Social Networking (SN) has overpassed pornography as the #1 web activity!
A decade ago, I had the great opportunity to be part of the team that started the first ever broadband wireless ISP in France. We were targeting SMBs at the time, and although some of the trend may be cultural and our target audience was purely professional organizations, I do confirm that we had about 80% of the our traffic related to pornography.
SN has grown at a 48% compound annual growth rate in 2010 over 2009, and a slew of indicators seem to point us toward the feeling that singularity definitely apply to the long tail of SN too.
Sometimes, some of the SN videos posted around the Internet may seem way too flashy, like this one:
Nonethess, it is undeniable that the sooner marketers will understand how to leverage the pull power of SN and forget about the dusty ways of wasting hundreds of billions of dollars in traditional marketing, the better off they'll be.
Getting there will certainly be a bumpy ride for many.
There definitely is no magic recipe in my view as an entrepreneurial mindset may be the key to getting it right, and it will certainly involve tapping into the unexpected opportunities of serendipity. Marketers should become VC-minded, investing in a diversified portfolio of SN strategies and converging towards what makes it a win-win for both the communities and the brand.
I believe there is too much binary thinking going on associated with the latest SN craze. C'mon, it's a learning process and it's not because you have some sort of brand face on Facebook that you are instantaneously moving the needle in the right direction. You may actually be moving it counter-clockwise if you have not taken a few steps back to think out long term expectations from the communities and operational implications, therefore cost, to your organization.
A few weeks ago, I came across this post on TechCrunch.
I am not the kind of guy to generally react to push marketing; however, I went ahead and purchased the electronic version of the book. Pretty cool...
In a nutshell, the authors are advocating the fact that "small moves, smartly made, can set big things in motion". To do that they claim that there are three key levels in the pull, three diving boards:
- Access (resources through communities)
- Attract (the organic resources from the communities)
- Achieve (I would parallel this to building the sense of common purpose between you/your brand and the communities)
I paused for a moment and I realized that this is pretty much what my bro and his team have learned the hard way as they are growing their community-based film production company touscoprod.com
From the onset, they built the tools to access the film lover communities. There were no barriers whatsover as the only moderator was my bro alone. It was a few years ago and the fancy features offered by some fancy user moderation companies these days didn't exist.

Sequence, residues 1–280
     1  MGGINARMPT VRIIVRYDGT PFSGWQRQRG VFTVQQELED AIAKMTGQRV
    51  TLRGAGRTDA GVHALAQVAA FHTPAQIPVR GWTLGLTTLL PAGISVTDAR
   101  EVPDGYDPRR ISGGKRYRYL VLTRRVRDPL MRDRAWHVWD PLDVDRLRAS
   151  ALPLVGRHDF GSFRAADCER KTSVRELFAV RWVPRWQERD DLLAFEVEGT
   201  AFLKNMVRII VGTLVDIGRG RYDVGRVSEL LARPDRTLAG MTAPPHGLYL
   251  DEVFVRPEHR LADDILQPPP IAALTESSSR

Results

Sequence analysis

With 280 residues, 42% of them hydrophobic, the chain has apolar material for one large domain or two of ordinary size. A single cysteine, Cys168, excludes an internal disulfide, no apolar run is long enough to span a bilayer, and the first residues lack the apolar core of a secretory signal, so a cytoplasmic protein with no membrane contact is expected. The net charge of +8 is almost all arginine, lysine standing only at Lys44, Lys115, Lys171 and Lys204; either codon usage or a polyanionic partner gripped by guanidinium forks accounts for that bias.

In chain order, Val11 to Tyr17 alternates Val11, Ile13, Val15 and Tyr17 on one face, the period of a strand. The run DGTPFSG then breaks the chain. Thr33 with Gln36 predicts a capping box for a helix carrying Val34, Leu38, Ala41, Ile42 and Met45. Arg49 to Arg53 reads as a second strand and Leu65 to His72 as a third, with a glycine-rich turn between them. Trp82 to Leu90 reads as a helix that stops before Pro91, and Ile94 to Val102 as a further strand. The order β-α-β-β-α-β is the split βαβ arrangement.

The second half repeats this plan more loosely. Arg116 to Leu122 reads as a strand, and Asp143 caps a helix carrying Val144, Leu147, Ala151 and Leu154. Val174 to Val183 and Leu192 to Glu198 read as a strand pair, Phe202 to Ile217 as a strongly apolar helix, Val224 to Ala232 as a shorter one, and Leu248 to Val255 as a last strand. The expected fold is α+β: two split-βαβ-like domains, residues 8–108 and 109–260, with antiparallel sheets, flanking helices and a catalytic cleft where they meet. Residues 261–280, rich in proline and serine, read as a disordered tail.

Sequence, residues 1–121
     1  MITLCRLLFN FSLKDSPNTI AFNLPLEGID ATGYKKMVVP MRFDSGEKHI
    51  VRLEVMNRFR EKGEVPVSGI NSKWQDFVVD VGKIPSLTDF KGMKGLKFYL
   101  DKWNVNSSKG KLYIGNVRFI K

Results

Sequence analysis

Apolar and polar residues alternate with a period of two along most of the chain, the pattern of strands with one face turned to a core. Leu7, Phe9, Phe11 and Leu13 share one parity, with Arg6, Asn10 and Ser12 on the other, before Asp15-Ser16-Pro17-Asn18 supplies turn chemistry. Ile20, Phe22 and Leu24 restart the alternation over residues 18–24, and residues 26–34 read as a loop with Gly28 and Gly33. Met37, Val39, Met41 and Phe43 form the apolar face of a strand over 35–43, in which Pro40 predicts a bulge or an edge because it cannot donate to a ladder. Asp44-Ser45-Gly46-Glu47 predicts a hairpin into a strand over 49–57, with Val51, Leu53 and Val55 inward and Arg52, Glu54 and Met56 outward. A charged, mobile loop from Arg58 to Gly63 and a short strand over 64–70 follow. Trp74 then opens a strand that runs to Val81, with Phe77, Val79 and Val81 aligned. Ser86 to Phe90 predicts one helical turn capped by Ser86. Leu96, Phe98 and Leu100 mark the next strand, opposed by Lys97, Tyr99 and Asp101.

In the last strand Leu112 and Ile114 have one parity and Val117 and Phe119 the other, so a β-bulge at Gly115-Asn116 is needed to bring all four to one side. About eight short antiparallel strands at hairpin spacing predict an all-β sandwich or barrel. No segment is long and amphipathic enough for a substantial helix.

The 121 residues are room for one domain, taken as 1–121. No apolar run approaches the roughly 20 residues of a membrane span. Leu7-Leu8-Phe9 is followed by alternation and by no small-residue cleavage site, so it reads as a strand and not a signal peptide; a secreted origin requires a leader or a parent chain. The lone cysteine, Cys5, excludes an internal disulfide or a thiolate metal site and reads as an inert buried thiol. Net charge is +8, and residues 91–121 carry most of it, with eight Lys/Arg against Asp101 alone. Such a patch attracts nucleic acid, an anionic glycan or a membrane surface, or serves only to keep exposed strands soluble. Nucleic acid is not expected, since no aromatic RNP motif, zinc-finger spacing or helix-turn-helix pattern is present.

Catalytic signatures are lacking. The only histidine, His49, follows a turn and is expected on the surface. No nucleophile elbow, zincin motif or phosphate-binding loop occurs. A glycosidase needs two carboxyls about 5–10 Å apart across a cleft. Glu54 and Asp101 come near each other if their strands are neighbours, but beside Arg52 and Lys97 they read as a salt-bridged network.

Well, it was actually a great opportunity in disguise not to have these digital tools firsthand.
As a matter of fact, while interacting directly with the unsensored communites, my bro was able to understand the power of real-time pull interaction. Yes, they definitely found themselves in extremely delicate situations where consumers were extremely irrate about things that are normally being dealt with in a private "consumer service" kind of setting.
It took time, a lot of time, a lot of patience to publically address these consumers' points of pain. But integrity and openess were the key ingredients to turn around what would primarily look like brand/consumer adversity into sustainable brand/consumer friendship that virally propagates through the communities.
In a word, negative pull interaction is the long term open door to sustainable consumer loyalty.
The problem is that quite a few marketers don't seem to understand that. You cannot push your marketing in a SN right off the bat because it is going to bounce back in your face and make you loose trust. Build the trust first, and sollicit the value, don't push it!
Once brands get that, sooner rather than later, they will be able to attract advocates from the community that are going to act as exponential pull powers. I wouldn't be surprised that in a few years from now, brands will actually start hiring based on the added value of each individual as a contributing entity to the community. Imagine some sort of Foursquare hiring mayorship for your brand based on added value behaviors.
At that point, the overarching "sense of purpose" will achieve unprecedented return on your marketing dollars, this will be a quantum leap in relation to the famous 10x return on direct marketing investment touted at any Direct Marketing Association conference around the world.
It's about time to dive in the pull!